As well as being an excellent jockey Ryan Moore is a useful man to have around when everyone else is getting swept along by a big occasion and needs to be brought down to earth. After he delivered a briskly efficient ride here to win the Easter Classic aboard the well-supported favourite, Convey, Moore moved smoothly on to his second-favourite occupation, baiting the media.
“It’s a great day, Ryan, a fantastic day, a record crowd, what does it mean to you to have the big winner on All Weather Finals Day?” he was asked by an effusive television presenter. “Whatever 7% is, I suppose,” Moore replied, having begun to smile when the question was only four words old.
As Moore possibly already knew, 7% of this particular prize works out at £8,715, which is fair pay for 90 seconds’ work and might have induced actual cheerfulness in others. On the other hand the 33-year-old’s response may have reflected an unrewarding day to that point, he having been knocked sideways aboard a fancied runner half an hour earlier. After the fifth race an intrepid reporter had asked him how it felt to finish third and been met with the stoniest of glares.
The British racing public will not see much of Convey in the first half of the new Flat season, as his next target is a valuable race in Hong Kong, there being no other kind of race in Hong Kong. The five-year-old’s success might be more significant as a pointer to the form of Sir Michael Stoute, who has now had five winners from his last 12 runners and will feature prominently at Newmarket’s Craven meeting next week. Stoute did not make it here because he was too busy overseeing the preparation of some flashy two-year-olds.
His fellow Newmarket trainer William Haggas was also among the winners with Second Thought, who pulled victory out of the fire with a 50-yard burst of pace. This was a triumph not just for Haggas’s skills of preparation but also for his powers of persuasion, because the owner, Liam Sheridan, got “a very big offer” for his three-year-old recently.
The trainer recommended turning it down and now the horse is more valuable still. His next target is the Jersey Stakes at Royal Ascot. “I think he’s pretty smart,” Haggas said. “I don’t have many that have a turn of foot but he’s got one.”
Haggas, whose Muthmir had scored about 10 minutes earlier in a prep-race at Bath, is pleased his horses seem to be well forward because the best of them are about to be tested during Craven week. “I’ve got some golf lined up next Sunday with Michael Bell and Ed Dunlop,” he said. “I’ve told them we’ve got all our bullets firing next week, so I might have to cancel it and go to Beachy Head if it all goes wrong.”
Rivet is at the centre of Haggas’s thoughts. Part-owned by his father-in-law, Lester Piggott, the colt is a 2,000 Guineas prospect and will put his credentials on the line in the Craven itself on Thursday. “Like all trainers, days before the trial, I think he’ll improve for it and I’ve left a bit to work on,” the trainer added, wryly.
He will also run Sea Of Grace, “a nice filly” who has joined him from Ireland, in the Nell Gwyn and be well represented in the maiden races. “At the end of next week I’ll have a nice group of horses or an ordinary one.”
This Lingfield card may have made painful viewing for David “Dandy” Nicholls, who quit training last month, citing financial problems. Two of his former horses, Kimberella and Sovereign Debt, won here – bagging £186,000 between them.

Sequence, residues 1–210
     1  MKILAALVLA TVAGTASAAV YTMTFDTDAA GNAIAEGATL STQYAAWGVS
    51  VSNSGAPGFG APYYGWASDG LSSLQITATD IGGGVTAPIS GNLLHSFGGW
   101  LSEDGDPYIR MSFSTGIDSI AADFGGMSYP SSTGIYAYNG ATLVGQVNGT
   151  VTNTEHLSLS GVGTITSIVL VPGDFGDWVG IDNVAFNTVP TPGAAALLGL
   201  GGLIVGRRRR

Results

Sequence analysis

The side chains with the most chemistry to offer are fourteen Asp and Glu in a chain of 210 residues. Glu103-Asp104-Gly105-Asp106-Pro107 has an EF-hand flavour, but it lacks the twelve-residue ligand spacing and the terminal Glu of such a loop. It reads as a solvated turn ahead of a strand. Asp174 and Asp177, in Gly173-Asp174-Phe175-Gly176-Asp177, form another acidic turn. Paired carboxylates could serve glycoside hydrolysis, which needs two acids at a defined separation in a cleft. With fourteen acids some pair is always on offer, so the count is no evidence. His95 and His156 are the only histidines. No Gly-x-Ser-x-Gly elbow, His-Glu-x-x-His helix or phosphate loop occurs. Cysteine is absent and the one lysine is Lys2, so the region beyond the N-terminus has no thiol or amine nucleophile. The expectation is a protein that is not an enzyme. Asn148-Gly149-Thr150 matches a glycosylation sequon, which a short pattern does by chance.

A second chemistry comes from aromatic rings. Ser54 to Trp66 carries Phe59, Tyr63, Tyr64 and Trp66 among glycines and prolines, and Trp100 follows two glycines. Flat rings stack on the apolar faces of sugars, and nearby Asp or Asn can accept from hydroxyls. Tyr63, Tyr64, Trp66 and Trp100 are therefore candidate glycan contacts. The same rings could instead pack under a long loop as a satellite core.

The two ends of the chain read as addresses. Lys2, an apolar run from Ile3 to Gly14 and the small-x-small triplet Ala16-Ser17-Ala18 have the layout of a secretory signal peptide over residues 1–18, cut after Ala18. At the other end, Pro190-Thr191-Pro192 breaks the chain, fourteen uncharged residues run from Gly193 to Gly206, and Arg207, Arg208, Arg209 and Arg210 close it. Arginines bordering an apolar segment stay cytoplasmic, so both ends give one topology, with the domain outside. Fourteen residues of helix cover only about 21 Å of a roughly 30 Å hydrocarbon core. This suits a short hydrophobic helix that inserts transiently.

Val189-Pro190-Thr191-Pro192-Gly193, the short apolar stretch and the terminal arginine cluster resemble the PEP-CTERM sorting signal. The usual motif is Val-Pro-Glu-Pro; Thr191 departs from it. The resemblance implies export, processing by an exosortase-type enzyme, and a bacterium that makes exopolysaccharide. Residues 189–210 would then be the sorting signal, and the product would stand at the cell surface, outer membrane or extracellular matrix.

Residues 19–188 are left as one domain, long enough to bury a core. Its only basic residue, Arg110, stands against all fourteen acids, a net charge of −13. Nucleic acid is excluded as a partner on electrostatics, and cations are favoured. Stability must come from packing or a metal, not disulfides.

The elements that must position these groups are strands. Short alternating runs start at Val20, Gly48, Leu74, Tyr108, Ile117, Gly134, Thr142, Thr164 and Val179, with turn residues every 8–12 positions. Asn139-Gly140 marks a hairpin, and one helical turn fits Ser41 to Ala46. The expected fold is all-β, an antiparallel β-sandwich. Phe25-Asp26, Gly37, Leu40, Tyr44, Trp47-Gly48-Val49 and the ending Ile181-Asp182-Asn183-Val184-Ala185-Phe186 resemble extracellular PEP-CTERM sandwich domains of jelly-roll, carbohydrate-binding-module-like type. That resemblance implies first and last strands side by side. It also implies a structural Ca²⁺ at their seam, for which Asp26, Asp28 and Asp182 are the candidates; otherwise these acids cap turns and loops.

Sovereign Debt provided the best moment so far in the career of 40-year-old Ruth Carr, who has 40 horses “squeezed in” at her North Yorkshire yard and was planning to make calls on the return journey to order the building of some more boxes. “I’m sure if David thought his good horse had to go somewhere, he’d be glad it came to us,” she said. “It’s sad for David but it’s a big day for us.
“I’m not sure how much of the credit of training I can take but we got him qualified, we got him here and we got him right on the day. It’s for everybody, from grandma helping in the office to husband mending water troughs. I was absolutely delighted, over the moon to get a chance with a horse like him.”
Otherwise the day was dominated by Newmarket, with Roger Varian and Saeed bin Suroor training winners. Varian reported that his Cape Byron had had a setback that would keep him out of the Guineas but the trainer hopes to return here next month for the Derby Trial with Dubawi Prince.
Bin Suroor, meanwhile, is in fine form but is not so sure he has the ammunition for the very best races. “We start really well, this season, nine winners already,” said the Godolphin man. “I have some nice horses coming. For the punters, the public, they’re looking for winners and we have winners. But the big races, the quality, we have to find it.”
Chris Cook’s Easter Saturday tips
1.45 Officer Hoolihan 2.15 Wolf Sword 2.50 Princess Mononoke 3.25 Lord Ballim 4.00 Total Assets 4.30 Tommy O’Dwyer 5.00 The Vocalist
1.50 Ionization 2.25 Monsieur Joe
3.00 Rashford’s Double 3.35 Sindarban (nb)
4.05 Washeek 4.40 What’s The Story 5.10 Reckless Serenade
1.55 African Tiger (nb) 2.30 Ruby Russet 3.05 Abidjan 3.40 Amour De Nuit 4.10 Cucklington 4.45 Waterloo Warrior 5.15 Pantxoa
2.00 Plunger 2.35 A Momentofmadness 3.10 Solar Flair 3.45 Laugh Aloud 4.15 Blending 4.50 Executive Force 5.25 Velvet Revolution (nap)
2.05 Some Buckle 2.40 Shanroe Santos 3.15 Brotherly Company 3.50 Late Night Lily 4.20 Sam Red 4.55 Conquer Gold 5.30 Bertie Bori
4.35 Jumira Bridge 5.05 Endeavour 5.35 King Of Paris 6.05 Aldeburgh 6.35 Onehelluvatouch 7.05 Il Sicario 7.35 Essaka
5.20 Calling Des Blins 5.50 Ashoka 6.20 Walkami 6.50 Spader 7.20 Goonjim 7.50 Monsieur Arkadin